Do men’s toenails contain clues about prostate cancer prevention?

Toronto, January 29, 2018 – Funded by Prostate Cancer Canada (PCC), Dr. Anil Adisesh at Dalhousie Medicine New Brunswick, Dalhousie University, and Dr. Trevor Dummer at the Centre of Excellence in Cancer Prevention, within the School of Population and Public Health at the University of British Columbia, will lead a team analyzing the world’s largest collection of toenails, all from Atlantic Canadians, to measure individual exposures to toxic metals that are known carcinogens and may cause prostate cancer. This research is part of a wider strategy by PCC to generate new and practical knowledge in the poorly understood area of prostate cancer prevention.  

Discovery of a promising new medication to block 'master key' of cancer growth

Vancouver, BC – For years, researchers have investigated approaches to prevent cancer-causing cells from multiplying in the body. Now, Vancouver Prostate Centre (VPC) scientist Dr. Christopher Ong and colleagues have discovered a critical gene that drives cancer growth. From this discovery, they developed a new protein-based medication that prevents unhealthy cell growth that leads to prostate cancer, and potentially other cancers.   Dr. Ong shows support for Prostate Cancer Canada's annual Plaid for Dad fundraiser

RFP: Content Development and Delivery of an Accredited Electronic Continuing Medical Education Course for Prostate Cancer Specialists

Prostate Cancer Canada invites applications from service providers interested in the development, promotion and delivery of an accredited electronic Continuing Medical Education course targeting prostate cancer specialists, including urologists. The course will be made available in both English and French. The anticipated start date of the course will be April 2018 and the course will be made available for one year after launch.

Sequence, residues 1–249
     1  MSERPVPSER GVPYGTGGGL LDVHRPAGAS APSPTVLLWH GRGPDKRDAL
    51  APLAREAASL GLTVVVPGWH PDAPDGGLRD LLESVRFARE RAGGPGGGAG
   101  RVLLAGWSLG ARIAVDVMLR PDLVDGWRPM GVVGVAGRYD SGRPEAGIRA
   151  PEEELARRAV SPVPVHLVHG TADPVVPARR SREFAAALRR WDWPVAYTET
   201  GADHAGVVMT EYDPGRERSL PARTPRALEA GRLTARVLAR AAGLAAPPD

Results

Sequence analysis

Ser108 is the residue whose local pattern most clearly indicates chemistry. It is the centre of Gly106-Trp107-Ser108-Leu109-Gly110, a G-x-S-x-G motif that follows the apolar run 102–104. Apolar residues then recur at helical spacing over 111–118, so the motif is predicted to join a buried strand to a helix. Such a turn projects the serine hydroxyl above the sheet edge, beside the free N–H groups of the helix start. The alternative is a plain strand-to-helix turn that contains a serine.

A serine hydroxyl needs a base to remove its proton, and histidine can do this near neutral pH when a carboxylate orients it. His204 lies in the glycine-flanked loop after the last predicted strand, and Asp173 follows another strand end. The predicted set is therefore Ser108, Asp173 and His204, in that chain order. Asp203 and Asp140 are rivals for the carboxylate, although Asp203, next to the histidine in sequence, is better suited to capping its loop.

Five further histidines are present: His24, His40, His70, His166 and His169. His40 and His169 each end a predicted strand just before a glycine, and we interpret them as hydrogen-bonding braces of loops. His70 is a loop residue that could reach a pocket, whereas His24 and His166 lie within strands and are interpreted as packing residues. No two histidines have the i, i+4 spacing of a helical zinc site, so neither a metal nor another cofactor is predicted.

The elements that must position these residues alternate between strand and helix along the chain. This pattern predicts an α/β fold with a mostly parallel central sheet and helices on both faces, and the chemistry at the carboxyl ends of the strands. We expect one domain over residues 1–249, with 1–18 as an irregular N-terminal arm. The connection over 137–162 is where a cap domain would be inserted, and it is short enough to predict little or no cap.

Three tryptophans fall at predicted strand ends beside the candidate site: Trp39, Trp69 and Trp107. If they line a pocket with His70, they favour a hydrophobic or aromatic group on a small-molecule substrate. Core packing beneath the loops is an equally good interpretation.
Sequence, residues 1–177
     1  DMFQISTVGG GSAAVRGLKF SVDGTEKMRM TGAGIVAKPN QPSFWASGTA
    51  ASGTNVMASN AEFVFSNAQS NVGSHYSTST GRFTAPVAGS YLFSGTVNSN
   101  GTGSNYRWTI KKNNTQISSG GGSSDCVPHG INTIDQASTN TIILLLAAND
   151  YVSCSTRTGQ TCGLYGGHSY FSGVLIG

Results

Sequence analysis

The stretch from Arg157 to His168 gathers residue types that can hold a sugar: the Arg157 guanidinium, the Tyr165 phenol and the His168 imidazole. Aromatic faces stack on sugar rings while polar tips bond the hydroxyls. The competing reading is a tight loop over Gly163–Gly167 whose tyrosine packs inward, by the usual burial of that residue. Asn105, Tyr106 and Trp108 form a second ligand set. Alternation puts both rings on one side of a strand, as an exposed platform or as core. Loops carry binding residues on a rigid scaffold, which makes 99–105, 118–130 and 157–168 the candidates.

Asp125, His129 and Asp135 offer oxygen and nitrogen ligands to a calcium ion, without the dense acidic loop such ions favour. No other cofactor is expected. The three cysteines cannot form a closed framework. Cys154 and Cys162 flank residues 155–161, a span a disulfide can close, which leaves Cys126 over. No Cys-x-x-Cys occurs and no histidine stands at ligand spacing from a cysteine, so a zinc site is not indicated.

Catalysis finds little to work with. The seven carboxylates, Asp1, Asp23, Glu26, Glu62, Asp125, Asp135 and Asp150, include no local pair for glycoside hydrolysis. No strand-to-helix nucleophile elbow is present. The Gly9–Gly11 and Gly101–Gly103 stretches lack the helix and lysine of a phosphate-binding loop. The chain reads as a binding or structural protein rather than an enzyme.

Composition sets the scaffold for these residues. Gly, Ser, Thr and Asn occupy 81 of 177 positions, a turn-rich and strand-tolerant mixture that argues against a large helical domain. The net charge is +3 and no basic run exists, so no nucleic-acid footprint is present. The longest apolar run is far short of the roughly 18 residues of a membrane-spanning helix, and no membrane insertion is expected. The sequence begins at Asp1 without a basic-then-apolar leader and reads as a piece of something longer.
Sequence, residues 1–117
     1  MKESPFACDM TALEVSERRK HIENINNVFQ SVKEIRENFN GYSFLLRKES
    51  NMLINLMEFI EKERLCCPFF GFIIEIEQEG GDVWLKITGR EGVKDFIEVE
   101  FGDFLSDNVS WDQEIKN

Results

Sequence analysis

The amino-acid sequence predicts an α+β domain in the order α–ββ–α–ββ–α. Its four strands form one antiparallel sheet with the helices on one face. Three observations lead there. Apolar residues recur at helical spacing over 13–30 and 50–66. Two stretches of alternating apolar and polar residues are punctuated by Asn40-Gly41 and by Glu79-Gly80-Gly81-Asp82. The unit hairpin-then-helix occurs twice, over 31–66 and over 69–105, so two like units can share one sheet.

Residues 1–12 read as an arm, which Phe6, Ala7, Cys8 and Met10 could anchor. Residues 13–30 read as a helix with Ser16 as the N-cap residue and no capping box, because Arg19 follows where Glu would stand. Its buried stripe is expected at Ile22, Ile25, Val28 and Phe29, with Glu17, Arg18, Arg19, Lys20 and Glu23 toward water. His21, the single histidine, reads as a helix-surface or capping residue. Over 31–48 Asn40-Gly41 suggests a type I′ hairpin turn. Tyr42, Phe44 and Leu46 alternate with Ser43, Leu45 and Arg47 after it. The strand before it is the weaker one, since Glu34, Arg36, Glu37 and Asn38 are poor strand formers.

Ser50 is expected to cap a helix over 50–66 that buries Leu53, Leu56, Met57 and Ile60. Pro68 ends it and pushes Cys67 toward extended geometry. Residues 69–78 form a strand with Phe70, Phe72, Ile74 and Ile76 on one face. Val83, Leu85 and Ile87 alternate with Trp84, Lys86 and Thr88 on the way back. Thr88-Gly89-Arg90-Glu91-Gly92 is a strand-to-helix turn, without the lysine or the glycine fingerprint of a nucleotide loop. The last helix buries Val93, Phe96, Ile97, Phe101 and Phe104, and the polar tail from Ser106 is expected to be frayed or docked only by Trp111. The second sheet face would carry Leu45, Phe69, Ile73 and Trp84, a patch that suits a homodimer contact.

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PCC Spotlight
Prostate Cancer Canada launches first national program in radionuclide therapy

Toronto, June 27, 2018 – Canadian researchers are leading the future of treatment for men with advanced prostate cancer in this country, with a new Prostate Cancer Canada grant funded by the Movember Foundation.
More

Honouring dad this Father’s Day the Canadian way: In plaid

TORONTO, ON – (May 8, 2018) – Plaid replaces business-casual on Friday, June 15 as hundreds of thousands of Canadians don the iconic Canadian attire all to honour dad and end prostate cancer.
More

The Finger – A tried and true method to save lives

TORONTO, CANADA (May 8, 2018) – Every day, more and more methods to detect prostate cancer are being explored, but the tried and true methods of a digital rectal examination (DRE) – where a healthcare professional inserts a gloved finger into the rectum to check for abnormalities, paired with a blood test known as the prostate-specific antigen (PSA) test – which you can get through your family doctor, are still the long-standing proven ways to save a life.
More